Sunday, February 3, 2013

Paper wasp

 Paper Wasp
Polistes exclamans 
                   Is a social wasp found in the southern United States and northern Mexico. This species has also been observed in Missouri, Maryland, and New Jersey. There has been a northward expansion of the eastern half of the U.S. This expansion is typically attributed to changing global climate and temperatures.

This species does not have a widely used common name, though in Texas some call it a yellowjacket, a name that should be reserved for Vespula. The name guinea wasp has been used, but has not been widely adopted. Polistes exclamans is also referred to by a generic name for the genus Polistes which is called paper wasps.
Their colonies contain three castes: workers, queens and males, though differences between workers and queens are generally plastic and behavioral. The physiological similarities between the worker and queen castes have lead to experiments attempting to distinguish the characteristics of these two castes and how they are determined.
Polistes exclamans are also interesting in their behavior and ecology. The high worker and queen mortality rate has led to the prevalence of satellite nests. The high queen mortality has also resulted in interesting responses by the worker caste. The high mortality is mainly caused by parasitoids and predation. P. exclamans have developed defense mechanisms to reduce the rate of colony extinction as a result of this predation and parasitism.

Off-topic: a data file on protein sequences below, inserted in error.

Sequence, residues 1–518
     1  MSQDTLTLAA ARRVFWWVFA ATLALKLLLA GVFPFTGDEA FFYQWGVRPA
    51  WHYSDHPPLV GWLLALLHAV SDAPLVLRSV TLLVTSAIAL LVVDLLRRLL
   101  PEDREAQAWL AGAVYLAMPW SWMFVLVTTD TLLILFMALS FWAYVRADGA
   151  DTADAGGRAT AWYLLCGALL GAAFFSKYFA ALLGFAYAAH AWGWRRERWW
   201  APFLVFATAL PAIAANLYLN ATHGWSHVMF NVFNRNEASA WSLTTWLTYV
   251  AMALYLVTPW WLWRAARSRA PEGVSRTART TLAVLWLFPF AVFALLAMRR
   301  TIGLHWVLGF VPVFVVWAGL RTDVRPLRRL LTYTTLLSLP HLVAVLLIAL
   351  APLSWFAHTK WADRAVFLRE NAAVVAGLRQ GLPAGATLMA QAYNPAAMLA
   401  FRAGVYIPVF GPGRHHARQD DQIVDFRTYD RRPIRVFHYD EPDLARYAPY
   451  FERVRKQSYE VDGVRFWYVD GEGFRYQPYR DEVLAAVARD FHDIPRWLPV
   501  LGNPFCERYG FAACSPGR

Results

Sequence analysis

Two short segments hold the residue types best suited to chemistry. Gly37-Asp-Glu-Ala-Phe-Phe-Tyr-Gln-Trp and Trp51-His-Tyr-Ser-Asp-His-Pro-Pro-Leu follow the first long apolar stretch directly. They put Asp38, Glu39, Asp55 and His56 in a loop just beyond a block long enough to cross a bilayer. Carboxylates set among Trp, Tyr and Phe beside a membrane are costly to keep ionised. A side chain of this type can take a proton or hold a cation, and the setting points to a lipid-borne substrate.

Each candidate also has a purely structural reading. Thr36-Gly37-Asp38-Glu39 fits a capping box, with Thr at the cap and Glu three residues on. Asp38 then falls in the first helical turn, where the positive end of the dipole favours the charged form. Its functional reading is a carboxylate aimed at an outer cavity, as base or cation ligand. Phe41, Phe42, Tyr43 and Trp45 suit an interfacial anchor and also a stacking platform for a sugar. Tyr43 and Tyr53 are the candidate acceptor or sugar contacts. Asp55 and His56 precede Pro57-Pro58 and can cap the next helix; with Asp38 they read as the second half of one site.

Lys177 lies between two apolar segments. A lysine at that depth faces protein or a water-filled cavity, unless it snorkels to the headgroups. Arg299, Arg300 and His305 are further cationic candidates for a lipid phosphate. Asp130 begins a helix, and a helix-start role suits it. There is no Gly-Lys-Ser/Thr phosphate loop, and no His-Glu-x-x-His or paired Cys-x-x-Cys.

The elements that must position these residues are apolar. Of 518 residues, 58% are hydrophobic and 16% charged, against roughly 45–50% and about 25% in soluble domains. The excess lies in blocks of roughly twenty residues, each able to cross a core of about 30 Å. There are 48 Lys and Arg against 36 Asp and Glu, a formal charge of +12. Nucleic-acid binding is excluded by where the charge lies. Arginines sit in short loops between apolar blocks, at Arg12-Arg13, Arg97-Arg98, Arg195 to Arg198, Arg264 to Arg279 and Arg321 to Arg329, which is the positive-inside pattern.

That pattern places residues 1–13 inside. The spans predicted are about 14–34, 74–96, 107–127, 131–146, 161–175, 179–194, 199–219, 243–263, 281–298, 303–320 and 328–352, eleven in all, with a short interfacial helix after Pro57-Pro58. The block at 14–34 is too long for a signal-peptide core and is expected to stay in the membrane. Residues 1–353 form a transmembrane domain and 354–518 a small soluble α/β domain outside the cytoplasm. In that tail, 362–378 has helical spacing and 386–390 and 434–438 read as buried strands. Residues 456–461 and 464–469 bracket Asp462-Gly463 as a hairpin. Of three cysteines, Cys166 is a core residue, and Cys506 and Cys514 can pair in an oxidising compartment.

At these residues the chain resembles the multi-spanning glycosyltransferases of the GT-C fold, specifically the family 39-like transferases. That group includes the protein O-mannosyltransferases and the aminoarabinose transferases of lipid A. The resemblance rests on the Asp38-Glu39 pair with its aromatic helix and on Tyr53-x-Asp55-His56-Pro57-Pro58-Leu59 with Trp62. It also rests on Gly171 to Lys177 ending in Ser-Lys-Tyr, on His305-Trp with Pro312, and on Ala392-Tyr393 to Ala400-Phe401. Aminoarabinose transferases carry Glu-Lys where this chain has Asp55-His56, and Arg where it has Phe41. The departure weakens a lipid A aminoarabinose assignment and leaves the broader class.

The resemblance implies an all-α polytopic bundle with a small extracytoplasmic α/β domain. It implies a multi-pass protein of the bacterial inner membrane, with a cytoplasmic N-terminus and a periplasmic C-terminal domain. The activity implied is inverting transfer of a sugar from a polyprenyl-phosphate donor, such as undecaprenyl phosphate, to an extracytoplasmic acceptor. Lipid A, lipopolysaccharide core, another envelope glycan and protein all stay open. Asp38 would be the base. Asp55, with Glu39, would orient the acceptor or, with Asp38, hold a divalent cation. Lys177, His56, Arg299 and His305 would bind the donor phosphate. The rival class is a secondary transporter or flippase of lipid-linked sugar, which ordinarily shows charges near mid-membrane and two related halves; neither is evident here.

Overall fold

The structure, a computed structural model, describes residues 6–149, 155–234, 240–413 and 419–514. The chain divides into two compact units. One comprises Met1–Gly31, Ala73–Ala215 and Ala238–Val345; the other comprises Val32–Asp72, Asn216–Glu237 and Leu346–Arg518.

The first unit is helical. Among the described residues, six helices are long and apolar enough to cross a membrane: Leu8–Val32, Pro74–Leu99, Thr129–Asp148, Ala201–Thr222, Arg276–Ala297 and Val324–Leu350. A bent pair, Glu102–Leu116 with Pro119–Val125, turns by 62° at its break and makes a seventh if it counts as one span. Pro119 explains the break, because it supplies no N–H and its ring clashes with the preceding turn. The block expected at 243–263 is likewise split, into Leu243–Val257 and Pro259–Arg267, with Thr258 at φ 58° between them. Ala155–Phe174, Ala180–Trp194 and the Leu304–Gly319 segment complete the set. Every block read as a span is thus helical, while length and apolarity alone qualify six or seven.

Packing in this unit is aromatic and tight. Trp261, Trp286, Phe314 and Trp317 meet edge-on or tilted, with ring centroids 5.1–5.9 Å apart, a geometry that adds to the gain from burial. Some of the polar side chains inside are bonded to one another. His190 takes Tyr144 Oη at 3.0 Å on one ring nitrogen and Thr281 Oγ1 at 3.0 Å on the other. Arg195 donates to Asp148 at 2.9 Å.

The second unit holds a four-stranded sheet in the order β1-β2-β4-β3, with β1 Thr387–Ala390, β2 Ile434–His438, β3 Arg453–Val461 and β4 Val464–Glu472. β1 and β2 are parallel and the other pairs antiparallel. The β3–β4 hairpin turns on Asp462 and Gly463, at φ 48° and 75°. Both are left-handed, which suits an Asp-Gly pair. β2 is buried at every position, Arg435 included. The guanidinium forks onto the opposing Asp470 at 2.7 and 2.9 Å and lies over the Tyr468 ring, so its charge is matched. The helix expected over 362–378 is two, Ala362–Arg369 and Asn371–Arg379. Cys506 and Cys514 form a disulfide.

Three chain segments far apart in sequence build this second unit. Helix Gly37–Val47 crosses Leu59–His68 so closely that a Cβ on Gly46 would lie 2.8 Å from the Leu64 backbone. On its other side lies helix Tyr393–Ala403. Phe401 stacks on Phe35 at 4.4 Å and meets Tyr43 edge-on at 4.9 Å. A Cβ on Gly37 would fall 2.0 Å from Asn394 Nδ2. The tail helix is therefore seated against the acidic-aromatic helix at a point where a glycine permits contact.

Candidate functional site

Polistes engages in a kind of parental care called allomaternal care which is really a kind of social worker behavior "[they] become workers that direct maternal behavior toward siblings in the presence of a reproducing female (most often their mother)". In any event it is not "INDIVIDUAL "parent" animals taking care of their OWN young." as requested by the mission statement.


Polistes nests can be built from wood fiber which are collected from posts and plant stems. The fiber is formed into a paper like comb with hexagonal cells. The nests are orientated downward and are held up by one filament. P. exclamans have also been observed occupying artificial nests put out by researchers and consisting of bundles of straws.

Sex determination system

P. exclamans are haplodiploid insects, as are all Hymenoptera. This means they have haploid males that produce identical haploid sperm, and diploid females that produce haploid eggs through meiosis. This has consequences for genetic relatedness within colonies, since sisters receive identical sperm if they share a father, and the normal half identical contribution from the mother. This results in sex-biased conflicts between the queen and the workers with respect to the sex ratio, with workers preferring a more female biased sex ratio, and queens preferring equal investment in queens and males.

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